We tired that but have had issues, the Alexa TV commands are a bit limited, changing TV Inputs was flaky (mostly the tv's fault it reques multiple pushes of the input button) and tv on /off (it looks like it switches scenes?) was not reliable, channel changing did work well when it worked





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  Reply # 2053079 11-Jul-2018 08:34
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Killerkiwi2005:

 

kryptonjohn:

 

 

We played around with a ir blaster but its way to flaky to be reliable looking at a new LG TV with built in support

 

 

I'm using a harmony Hub controlled by both Vera and Alexa to control TV, Sky, Soundbar.. it is extremely reliable. It doesn't even need line of sight to the devices - it just blasts out enough IR that it reflects off something back to the target.

 

 

We tired that but have had issues, the Alexa TV commands are a bit limited, changing TV Inputs was flaky (mostly the tv's fault it reques multiple pushes of the input button) and tv on /off (it looks like it switches scenes?) was not reliable, channel changing did work well when it worked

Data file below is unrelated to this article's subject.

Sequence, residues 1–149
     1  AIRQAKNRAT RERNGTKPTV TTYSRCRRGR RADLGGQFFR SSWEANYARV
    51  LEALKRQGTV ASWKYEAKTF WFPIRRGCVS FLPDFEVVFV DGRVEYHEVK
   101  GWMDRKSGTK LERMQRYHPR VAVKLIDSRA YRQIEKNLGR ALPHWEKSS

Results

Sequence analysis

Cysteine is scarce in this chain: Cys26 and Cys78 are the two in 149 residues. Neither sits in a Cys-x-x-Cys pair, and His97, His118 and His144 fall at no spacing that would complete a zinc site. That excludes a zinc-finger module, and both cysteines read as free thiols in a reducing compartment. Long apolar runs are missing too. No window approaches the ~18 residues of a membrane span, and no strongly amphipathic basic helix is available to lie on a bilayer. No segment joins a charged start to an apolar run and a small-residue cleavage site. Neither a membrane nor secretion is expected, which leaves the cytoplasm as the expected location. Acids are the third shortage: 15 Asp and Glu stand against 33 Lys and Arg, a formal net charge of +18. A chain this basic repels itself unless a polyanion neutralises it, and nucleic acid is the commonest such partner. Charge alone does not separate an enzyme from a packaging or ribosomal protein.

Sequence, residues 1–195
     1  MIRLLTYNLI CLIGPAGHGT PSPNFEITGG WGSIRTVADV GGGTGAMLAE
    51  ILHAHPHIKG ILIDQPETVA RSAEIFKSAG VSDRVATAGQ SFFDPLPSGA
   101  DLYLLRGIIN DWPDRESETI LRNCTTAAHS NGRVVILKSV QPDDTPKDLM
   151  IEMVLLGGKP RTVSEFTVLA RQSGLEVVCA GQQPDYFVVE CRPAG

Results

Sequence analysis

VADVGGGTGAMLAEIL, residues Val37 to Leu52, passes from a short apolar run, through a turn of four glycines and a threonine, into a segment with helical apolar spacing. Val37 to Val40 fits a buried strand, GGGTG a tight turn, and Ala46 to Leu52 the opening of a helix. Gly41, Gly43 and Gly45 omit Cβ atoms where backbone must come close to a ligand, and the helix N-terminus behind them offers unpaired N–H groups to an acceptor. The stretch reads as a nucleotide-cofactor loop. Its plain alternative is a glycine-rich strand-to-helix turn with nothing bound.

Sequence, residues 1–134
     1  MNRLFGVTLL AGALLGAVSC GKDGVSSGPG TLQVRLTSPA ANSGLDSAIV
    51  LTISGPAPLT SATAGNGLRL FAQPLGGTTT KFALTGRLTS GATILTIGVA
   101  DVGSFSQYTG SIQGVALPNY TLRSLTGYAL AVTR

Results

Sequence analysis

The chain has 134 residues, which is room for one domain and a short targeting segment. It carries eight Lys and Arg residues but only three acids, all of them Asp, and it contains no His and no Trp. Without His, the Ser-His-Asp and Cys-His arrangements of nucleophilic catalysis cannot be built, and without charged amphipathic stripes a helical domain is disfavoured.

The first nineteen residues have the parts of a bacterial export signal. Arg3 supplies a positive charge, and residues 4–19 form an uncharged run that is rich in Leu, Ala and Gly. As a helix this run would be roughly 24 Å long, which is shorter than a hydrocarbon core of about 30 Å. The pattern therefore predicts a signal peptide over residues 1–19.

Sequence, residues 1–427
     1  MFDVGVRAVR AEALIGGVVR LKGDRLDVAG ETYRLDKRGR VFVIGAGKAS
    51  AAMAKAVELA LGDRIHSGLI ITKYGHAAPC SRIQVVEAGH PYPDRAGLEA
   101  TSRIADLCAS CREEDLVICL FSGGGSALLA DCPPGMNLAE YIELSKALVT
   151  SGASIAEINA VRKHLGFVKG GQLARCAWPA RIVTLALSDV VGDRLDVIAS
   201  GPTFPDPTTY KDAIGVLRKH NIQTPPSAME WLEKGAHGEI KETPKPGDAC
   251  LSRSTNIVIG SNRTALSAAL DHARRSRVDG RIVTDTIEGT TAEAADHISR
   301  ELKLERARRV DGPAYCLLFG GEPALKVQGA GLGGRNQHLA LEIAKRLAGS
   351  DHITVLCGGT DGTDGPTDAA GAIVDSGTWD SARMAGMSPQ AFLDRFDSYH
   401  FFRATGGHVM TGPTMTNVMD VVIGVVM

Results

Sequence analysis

The main issue I have is that our TV (Veon) lacks discrete IR codes so it relies on knowing the last state of things like power and input source. If someone uses the remote in between it knows the incorrect state so needs to be re-aligned. If there were discrete codes that would power on or off, and select source, from any state, then this would not be an issue. It's a problem with the TV. What do find is that as long as nobody switches off with the remote, it works pretty much flawlessly.

 

Channel up and down seem to always work as they are discrete codes, and selecting a channel by number always works for the same reason. When I say "Alexa turn on the TV" it does a power button press for TV, sky decoder and sound bar. That also tells Alexa to stay in the TV context for little while so subsequent commands can be shortened with the assumed context such as "Alexa turn up the volume" will be sent to the soundbar.